The term ‘junk miles’ refers to any steady to moderate paced running that a runner does over the course of a week which doesn’t have a specific physiological target to meet a desired outcome - i.e. to smash your 10k PB or complete your first marathon

There’s an argument that there’s no such thing as ‘junk miles’ because of the huge benefits that running brings to our physical and mental health. But if you’re training for a specific goal such as completing a marathon or beating your 5k PB, then it’s important that your run training is specific in helping you to achieve that goal.

Runners who advocate a high-mileage philosophy of training believe that training volume is the most important characteristic of an effective training program i.e. ‘the more miles you run, the better’. But this approach can rack up a lot of ‘junk miles’ or wasteful extra running on top of the key sessions they need to do to improve their running fitness. And in some cases it can lead to ‘overtraining’ which is when a runner exceeds their body's ability to recover from strenuous exercise and therefore has a detrimental effect on their performance and injury.

Also running high mileage at the same pace can make it difficult to make gains in speed because during a long run, a runner is not conditioning the body to run any faster, just further. And when they do a speed session in the week, their body is often still recovering from the high mileage so they aren’t able to run fast enough in training to make significant physiological changes to improve their long term speed.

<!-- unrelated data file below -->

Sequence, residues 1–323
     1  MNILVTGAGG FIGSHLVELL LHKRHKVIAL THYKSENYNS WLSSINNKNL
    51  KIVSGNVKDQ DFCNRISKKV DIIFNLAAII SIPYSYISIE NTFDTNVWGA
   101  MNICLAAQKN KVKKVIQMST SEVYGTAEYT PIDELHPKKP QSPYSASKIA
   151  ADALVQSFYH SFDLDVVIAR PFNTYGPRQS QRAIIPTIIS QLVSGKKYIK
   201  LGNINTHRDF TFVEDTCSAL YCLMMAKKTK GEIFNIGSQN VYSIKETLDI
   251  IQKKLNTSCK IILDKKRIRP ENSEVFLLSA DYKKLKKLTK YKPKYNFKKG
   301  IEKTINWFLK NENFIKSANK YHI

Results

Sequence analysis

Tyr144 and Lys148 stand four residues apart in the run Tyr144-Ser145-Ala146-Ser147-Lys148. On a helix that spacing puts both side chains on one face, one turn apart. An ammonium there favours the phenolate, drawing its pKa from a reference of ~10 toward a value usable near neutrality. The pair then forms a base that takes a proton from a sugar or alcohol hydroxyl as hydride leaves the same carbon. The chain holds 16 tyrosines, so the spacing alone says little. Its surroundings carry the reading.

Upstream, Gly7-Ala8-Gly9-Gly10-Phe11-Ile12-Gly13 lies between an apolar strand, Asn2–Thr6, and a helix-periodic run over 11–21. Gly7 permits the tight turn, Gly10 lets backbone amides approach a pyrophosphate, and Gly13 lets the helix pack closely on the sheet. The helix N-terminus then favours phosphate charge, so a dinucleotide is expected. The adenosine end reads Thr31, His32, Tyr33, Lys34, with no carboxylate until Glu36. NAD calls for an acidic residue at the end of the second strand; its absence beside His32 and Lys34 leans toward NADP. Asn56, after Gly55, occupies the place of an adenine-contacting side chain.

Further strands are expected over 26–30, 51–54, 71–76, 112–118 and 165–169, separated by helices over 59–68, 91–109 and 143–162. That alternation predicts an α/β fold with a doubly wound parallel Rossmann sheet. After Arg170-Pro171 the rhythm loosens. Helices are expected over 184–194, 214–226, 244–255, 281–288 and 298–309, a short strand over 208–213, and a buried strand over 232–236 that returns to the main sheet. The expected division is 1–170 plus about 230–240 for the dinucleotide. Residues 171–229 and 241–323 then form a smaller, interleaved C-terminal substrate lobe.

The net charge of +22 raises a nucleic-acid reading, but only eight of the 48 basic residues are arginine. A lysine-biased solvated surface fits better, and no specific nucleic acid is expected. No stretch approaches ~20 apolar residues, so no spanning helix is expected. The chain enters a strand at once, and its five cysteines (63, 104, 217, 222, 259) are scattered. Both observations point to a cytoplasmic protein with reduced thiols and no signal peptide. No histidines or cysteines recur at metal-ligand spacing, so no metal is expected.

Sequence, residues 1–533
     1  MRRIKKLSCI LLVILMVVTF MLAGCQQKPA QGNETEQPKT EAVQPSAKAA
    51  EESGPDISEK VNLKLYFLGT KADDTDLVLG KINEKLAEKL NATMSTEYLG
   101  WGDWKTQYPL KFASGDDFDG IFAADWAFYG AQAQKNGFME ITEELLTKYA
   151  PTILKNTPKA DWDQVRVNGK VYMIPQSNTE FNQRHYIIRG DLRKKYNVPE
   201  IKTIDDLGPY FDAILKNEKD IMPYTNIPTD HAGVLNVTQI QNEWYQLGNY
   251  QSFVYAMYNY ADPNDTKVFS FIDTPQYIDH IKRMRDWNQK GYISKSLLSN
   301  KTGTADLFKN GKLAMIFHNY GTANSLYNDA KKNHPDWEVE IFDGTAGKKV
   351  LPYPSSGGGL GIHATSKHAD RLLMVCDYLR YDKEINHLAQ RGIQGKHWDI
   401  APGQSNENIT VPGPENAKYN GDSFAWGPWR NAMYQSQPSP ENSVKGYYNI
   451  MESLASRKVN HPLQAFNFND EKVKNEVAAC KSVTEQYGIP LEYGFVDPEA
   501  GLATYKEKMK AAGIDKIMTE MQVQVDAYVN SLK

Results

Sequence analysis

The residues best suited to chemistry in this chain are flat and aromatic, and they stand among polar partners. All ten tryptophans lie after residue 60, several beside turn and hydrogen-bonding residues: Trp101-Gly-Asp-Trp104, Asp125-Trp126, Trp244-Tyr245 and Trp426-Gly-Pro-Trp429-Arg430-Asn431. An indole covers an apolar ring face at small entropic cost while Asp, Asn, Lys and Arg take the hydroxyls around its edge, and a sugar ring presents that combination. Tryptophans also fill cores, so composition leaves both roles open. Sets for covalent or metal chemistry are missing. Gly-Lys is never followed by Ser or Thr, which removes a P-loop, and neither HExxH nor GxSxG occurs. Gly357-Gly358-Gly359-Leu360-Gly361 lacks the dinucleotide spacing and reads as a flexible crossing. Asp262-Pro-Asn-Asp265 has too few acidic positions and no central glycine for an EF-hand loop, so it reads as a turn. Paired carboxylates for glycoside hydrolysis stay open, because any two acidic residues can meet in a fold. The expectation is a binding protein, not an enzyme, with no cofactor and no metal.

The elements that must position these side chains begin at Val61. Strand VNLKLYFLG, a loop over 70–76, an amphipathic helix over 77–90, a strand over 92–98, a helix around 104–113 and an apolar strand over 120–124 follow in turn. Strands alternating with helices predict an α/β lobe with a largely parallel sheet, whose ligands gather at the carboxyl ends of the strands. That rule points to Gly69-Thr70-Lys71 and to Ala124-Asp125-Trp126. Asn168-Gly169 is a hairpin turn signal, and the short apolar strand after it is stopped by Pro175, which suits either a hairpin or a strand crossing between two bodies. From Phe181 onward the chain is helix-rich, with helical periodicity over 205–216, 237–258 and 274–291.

By contrast, Mbition believes in a quality over quantity approach and our runner success figures back this up with 94.8% of our runners completing their goal. Our plans promote lower mileage than traditional running plans, focusing on high intensity sessions such as tempo, hill & speed workouts, that bolster the longer runs. The reason for this is because these sessions will simulate key physiological responses to improve your fitness and running conditioning. They also simulate the fatigue you’ll experience at the end of the race, but significantly reduce your risk of injury from the repetitive stress you place on your body from doing high-mileage runs.

There is no doubt that the ‘long’ run is the foundation to most running plans as it builds your aerobic fitness and muscular endurance, ensuring you can run the distance on race day. But weekly mileage shouldn’t be the main focus of your plan, because improving your running fitness comes from a combination of training volume and intensity. Plus high intensity sessions such as speed and hill sessions will help to improve your stride power, running economy, leg strength and aerobic endurance!

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